After his duty aboard the Pennsylvania was completed he served as Chaplain at the New York Navy Yard starting on January 3, 1921, and in 1922 was the sixth highest-ranking Captain in the Navy Corps of Chaplains. Chaplain Gleeson would remain on duty with the New York Navy Yard until the close of his long career. Chaplain Gleeson at the height of his naval career was the first head of the Navy Corps of Chaplains. The New York Navy Yard was the headquarters for the Third Naval District. The Third Naval District, headquartered at New York, New York, was established on 7 May 1903 in accordance with General Order No. 128, signed by Acting Secretary of the Navy Charles H. Darling. Puerto Rico was initially part of the district due to good communications between New York and Puerto Rico. In 1919 Puerto Rico was removed from the district and placed directly under the control of the Chief of Naval Operations. In 1945 the district, still headquartered at New York, consisted of the following geographic areas: Connecticut, New York, the northern part of New Jersey (including Counties of Mercer, Monmouth, and all counties north thereof), and also the Nantucket Shoals Lightship. The Third Naval District was disbanded on 7 October 1976 and functions were transferred to the Fourth Naval District.

In May of 1926 while on duty, Chaplain Gleeson was stricken ill and taken to the Naval Hospital there at the navy yard. Likely it was from a heart attack and he remained there for some time. Chaplain Gleeson lived for another year and three months after he had been stricken ill.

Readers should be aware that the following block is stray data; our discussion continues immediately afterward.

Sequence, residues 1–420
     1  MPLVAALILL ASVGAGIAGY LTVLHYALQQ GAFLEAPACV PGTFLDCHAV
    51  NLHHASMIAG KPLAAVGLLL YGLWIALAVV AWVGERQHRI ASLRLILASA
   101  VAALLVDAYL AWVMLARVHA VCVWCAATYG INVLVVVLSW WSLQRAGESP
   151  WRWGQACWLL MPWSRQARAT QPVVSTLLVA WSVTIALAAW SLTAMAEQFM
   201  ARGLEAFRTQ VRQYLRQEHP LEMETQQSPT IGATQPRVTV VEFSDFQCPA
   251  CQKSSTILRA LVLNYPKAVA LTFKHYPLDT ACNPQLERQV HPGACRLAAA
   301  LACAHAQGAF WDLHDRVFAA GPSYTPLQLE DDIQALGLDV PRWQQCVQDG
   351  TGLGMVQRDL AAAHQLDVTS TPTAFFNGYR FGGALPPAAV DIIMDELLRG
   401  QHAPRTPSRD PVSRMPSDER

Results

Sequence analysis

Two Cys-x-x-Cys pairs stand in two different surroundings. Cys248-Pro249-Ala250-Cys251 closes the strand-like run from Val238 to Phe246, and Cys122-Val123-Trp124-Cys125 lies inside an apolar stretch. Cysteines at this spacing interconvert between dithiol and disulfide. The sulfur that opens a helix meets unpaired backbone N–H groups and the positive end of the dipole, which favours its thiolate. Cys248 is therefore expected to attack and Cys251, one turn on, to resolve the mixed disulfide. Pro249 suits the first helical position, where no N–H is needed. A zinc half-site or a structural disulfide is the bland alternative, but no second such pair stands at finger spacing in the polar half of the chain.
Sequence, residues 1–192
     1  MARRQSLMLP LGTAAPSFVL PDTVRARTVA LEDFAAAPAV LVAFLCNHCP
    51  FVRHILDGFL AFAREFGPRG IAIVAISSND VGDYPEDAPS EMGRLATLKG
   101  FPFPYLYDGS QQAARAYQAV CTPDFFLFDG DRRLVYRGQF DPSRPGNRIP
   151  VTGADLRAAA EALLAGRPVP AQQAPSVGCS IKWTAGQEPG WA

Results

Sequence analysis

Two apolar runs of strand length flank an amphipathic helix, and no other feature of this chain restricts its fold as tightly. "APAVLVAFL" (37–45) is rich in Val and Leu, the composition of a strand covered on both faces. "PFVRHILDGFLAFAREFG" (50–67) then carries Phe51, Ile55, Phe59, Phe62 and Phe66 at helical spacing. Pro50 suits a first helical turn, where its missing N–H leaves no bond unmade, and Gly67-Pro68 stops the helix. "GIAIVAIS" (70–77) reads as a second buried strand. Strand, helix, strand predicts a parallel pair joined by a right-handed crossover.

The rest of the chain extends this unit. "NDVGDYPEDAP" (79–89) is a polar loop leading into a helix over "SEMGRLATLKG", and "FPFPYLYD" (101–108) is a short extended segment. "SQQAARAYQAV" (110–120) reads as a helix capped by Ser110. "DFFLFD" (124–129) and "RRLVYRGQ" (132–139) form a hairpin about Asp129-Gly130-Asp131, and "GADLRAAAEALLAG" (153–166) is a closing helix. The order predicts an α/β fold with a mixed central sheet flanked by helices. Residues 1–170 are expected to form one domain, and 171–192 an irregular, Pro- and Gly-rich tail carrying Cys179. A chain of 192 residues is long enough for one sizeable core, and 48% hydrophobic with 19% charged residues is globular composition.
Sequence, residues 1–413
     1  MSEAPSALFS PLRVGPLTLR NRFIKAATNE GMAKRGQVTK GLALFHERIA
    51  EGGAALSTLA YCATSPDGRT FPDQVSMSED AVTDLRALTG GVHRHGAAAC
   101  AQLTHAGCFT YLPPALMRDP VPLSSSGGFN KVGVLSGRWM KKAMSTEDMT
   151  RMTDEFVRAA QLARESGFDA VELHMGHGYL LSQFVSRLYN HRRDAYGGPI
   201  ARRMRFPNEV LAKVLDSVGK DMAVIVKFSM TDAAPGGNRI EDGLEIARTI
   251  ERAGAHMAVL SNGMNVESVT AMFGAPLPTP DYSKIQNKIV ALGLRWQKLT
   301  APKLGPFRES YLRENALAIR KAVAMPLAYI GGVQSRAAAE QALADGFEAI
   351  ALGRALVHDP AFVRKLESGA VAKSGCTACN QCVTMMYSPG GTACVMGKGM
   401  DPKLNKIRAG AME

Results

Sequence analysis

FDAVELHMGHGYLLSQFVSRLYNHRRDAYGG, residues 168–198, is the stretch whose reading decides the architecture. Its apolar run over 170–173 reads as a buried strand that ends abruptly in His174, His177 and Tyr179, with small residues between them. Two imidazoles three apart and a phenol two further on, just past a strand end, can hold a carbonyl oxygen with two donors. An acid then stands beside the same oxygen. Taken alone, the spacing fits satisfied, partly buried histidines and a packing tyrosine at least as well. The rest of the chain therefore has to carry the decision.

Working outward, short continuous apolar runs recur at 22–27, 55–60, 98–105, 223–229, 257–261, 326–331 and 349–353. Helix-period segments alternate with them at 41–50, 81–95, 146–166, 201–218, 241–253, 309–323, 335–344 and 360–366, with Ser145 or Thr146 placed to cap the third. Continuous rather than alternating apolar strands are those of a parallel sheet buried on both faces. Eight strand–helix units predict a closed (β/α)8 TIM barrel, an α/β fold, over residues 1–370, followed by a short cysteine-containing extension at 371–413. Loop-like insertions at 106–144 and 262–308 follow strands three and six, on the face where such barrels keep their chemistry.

During that time he applied for retirement from the navy. But while in the hospital he himself was able to get up and about. Being ever the servant of God “Father Matthew” gave spiritual comfort to many of the patients in the naval hospital, disregarding his own comfort. Many of “Father Matthew’s” old friends from his old church at St. James in Manhattan who he had made life-long friends came to see him. Among those were the Governor of New York Alfred E. Smith and Justice of the Court of Special Sessions Thomas J. Nolan, and the New York Transit Commission Chairman John F. Gilchrist, all of who were parishioners when “Father Matthew” was the pastor at St. James Church.

It was on the late evening of Monday August 8, 1927 that God called his humble servant, Father Matthew Carlin Gleeson, Chaplain, USN home for his final reward in heaven. After his death his body was prepared and was dress in his Captain’s uniform and lie in state in the chapel in the hospital. At the time Captain Gleeson had served 24-years in the United States Navy.

On August 11, 1927 the body of Father Matthew C. Gleeson was taken to St. Patrick’s Cathedral in New York to lie in state. Now Father Gleeson’s body was dressed in the robes of a Roman Catholic Priest. On the evening of August 11 the Offertory of the Dead was chanted over the body by Bishop John J. Dunn, who was a classmate of Father Gleeson at St. Joseph’s Seminary in Troy, New York.